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I am going to share a thought here which is inappropriate for the birdsite simply because it would be RT’d endlessly without any understanding of its meaning.

What struck me in a particularly harsh way yesterday at Real World Crypto is the “fashionable research” syndrome.

Allow me to elaborate: the papers presented all had “side-channel” in them. Side-channel is the fashionable security of the ‘10s.

Indeed, very exciting, but now that is literally all that is being looked into!

There is no concept of the underlying (overlaying?) issue, i.e. assuming the CPU is trustworthy is now considered a mistake.

I would posit that the above has been known for a long time in reliability scenarios: a fabled controversy of the ‘90s had Europe vs. USA on avionics. European companies (Airbus) insisted that “majority consensus”
over three different computer architectures & independently developed software was a key requirement.The US (Boeing) behind Dartmouth said “one suffices”.

The Airbus reliability and dependability team was adamant about the “majority consensus” and Boeing similarly on “one suffices”. In the end they went their own ways but, big but, in my mind there is always the LaudaAir flight over India where the computer turned on the thrust inverters at 35k feet. It was a Boeing. I feared the AirFrance crash off Brasil was a similar issue until the reports came out and it was, unfortunately, human error.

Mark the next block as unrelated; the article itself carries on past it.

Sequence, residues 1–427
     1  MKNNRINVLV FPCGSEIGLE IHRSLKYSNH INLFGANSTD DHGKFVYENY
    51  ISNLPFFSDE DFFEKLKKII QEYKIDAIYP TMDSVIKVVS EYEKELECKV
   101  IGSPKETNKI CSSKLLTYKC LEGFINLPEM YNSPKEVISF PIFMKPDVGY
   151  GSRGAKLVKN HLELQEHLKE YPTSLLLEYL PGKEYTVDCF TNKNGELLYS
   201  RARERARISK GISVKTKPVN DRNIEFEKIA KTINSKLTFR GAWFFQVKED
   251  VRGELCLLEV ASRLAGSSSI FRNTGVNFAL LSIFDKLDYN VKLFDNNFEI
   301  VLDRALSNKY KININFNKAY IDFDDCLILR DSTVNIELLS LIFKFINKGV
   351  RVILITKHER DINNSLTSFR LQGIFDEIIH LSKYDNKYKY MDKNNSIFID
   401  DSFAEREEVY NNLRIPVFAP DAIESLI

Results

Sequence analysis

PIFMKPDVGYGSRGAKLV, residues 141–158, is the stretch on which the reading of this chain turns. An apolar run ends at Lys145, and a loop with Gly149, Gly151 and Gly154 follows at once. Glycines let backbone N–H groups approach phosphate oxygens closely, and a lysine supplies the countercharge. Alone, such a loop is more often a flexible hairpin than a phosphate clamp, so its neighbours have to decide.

What Airbus is doing is saying: I trust nobody.

cynicalsecurity @cynicalsecurity

To ensure that things happen how we want them we run three computers with different hardware and software developed by independent companies to the same specifications. Then we test them to these specs. Then we run them comparing each other’s output and taking majority decisions should there be a dissenting opinion.

This is the model I sought with the Chimaera Processor: you have different cores using different architectures, if your syscall() output differs then you have a problem.

What I strongly suspect is that getting these side-channel attacks to work even across two architectures would be a phenomenal challenge.

Please excuse the rant but I hope that, unlike the birdsite, you understand that I am looking for a real solution not a whack a’ mole oneZ

@wxcafe it has been a known technique in forever: it was used on the Saturn V at a gate-level, i.e. all logic gates were in triplicate, including the voter. I am using Airbus & Boeing as examples as people can still relate to them in practice.

@cynicalsecurity The reliability/redundancy theme is reflected in the first paragraph of Paul Kochers ACM article:

In 1967, the Silver Bridge collapsed into the Ohio River during rush hour. Instead of redundancy the bridge used high-strength steel. The failure of a single eyebar was catastrophic. Today's computing devices resemble the Silver Bridge, but are much more complicated. They have billions of lines of code, logic gates, and other elements that must work perfectly.

@cynicalsecurity Hm article seems to be paywalled but it’s strongly recommended! Also expands on the topic of cost-benefit ratio for adding features in terms of complexity.